3. An America with fewer nukes breeds a new class of military powers.
By reducing “barriers to entry” to the marketplace called great-power war, I believe we would actually encourage the proliferation of nuclear weaponry. If Obama and his successors were to withdraw America’s virtually global nuclear umbrella, numerous middle powers would become highly incentivized to fill that security gap.
Of course, the dream would be to include all such states in a global rejection of nuclear weaponry, but that’s not likely if the system’s clear Leviathan (the United States) demotes itself to the status of a de-nuclearized great power. That scenario (Obama’s scenario) instantly elevates a slew of suddenly “near-peer” military powers in a manner that smaller states will likely find strategically unpalatable. As in, they could be blown into oblivion — strategic or literal — at any moment.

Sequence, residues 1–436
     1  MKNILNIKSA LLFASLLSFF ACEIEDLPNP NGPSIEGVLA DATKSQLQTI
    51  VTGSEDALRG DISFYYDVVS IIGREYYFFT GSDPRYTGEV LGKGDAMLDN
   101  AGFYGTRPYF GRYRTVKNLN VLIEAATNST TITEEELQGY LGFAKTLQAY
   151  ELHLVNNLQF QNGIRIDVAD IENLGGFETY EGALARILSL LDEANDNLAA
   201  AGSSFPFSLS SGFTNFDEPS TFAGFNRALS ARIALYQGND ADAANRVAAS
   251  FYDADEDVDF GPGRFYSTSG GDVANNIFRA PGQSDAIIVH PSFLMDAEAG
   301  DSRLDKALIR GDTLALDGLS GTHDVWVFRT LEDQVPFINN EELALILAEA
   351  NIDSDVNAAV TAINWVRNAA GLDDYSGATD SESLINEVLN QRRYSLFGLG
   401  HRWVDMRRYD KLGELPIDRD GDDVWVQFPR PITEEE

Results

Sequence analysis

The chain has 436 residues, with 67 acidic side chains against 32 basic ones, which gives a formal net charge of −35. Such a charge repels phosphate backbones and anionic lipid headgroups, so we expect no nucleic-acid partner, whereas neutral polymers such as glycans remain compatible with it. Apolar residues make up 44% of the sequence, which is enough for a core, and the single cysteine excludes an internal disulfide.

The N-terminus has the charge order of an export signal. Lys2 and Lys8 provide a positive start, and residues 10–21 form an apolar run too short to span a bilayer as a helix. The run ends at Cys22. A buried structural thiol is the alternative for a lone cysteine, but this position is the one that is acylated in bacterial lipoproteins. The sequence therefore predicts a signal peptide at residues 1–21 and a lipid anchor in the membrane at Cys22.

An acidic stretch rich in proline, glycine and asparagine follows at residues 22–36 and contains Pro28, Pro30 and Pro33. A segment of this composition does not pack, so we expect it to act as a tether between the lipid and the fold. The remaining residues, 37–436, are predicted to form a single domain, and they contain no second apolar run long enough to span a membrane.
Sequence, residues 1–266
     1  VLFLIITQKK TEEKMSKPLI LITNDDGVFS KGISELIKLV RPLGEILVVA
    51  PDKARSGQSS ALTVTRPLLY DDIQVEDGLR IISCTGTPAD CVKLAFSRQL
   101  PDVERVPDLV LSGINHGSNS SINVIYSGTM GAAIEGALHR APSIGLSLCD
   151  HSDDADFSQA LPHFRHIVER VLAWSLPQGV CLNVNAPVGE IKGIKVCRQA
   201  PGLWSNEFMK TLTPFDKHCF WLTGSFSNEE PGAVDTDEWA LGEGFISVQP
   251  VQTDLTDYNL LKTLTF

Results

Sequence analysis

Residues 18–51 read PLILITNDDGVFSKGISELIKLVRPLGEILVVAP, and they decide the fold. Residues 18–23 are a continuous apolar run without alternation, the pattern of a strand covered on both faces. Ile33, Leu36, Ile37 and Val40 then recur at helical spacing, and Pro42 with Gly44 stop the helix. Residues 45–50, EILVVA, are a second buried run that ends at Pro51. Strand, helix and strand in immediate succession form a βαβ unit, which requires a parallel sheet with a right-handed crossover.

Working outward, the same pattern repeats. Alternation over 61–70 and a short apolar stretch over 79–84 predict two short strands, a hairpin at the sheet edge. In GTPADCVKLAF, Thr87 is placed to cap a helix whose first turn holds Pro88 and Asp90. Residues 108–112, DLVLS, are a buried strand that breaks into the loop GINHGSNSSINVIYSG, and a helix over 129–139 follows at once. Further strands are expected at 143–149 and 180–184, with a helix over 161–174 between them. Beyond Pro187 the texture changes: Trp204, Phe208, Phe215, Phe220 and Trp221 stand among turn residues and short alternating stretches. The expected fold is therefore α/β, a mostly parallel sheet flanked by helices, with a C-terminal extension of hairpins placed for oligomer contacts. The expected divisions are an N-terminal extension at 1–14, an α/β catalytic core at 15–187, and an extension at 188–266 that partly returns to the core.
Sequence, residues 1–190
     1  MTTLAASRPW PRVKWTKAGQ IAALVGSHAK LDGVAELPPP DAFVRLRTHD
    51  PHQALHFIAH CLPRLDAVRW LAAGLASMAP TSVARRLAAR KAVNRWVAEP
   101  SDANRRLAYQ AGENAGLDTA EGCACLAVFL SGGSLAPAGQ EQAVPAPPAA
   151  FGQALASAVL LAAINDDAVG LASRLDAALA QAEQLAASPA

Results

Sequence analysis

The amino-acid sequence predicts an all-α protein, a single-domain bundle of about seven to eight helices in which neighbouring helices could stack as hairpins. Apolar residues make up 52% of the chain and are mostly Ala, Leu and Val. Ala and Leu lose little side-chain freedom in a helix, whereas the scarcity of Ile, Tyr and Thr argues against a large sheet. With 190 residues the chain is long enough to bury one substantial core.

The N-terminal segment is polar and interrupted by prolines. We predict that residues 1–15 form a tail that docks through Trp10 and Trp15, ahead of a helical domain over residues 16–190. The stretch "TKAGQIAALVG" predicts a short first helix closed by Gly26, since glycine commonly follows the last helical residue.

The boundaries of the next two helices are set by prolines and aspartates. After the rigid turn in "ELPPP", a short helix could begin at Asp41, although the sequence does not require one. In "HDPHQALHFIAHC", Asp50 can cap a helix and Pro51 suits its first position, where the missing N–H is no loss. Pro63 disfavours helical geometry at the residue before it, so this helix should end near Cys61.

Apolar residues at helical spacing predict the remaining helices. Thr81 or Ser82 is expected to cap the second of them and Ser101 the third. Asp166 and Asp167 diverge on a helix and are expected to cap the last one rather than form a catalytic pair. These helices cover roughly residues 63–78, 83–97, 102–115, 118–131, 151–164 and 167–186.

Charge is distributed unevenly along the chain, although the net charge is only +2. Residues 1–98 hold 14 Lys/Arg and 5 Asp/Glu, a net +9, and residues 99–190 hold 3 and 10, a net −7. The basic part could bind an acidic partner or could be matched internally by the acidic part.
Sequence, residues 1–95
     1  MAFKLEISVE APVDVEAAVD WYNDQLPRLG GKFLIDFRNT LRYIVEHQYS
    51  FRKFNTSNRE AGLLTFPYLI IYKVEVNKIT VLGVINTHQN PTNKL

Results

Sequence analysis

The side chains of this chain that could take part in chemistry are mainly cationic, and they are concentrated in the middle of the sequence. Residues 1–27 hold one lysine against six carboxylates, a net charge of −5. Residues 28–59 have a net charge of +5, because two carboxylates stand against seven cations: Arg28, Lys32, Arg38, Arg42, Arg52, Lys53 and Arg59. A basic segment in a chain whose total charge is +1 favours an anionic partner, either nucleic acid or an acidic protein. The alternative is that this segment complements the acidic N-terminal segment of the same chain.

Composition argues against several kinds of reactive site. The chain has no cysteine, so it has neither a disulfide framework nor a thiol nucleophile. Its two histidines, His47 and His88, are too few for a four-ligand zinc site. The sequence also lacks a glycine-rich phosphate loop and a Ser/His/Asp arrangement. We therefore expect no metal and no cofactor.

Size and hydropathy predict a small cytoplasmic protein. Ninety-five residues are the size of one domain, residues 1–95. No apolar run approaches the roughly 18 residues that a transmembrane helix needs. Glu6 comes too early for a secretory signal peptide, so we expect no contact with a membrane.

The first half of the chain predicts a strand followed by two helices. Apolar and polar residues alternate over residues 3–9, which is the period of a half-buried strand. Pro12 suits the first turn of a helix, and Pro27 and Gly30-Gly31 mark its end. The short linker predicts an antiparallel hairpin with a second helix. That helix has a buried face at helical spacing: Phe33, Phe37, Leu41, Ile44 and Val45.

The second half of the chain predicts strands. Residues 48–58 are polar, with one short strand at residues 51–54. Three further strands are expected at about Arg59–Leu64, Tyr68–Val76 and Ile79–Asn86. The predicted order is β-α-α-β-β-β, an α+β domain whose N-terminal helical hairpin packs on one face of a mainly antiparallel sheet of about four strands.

4. A new class of military powers breeds a new round of local wars.
The fallout from the collapse of our nuclear umbrella would be as frightening as it would be immediate: the resumption of great-power rivalries and proxy wars in regions once again subject to profound spheres of influence. That would further complicate the strategic landscape and undo so much of the Obama administration’s diplomatic success between now and then.
Read the rest here.
I think that Tom belted it out of the park here. Good policy seldom emerges from bad premises.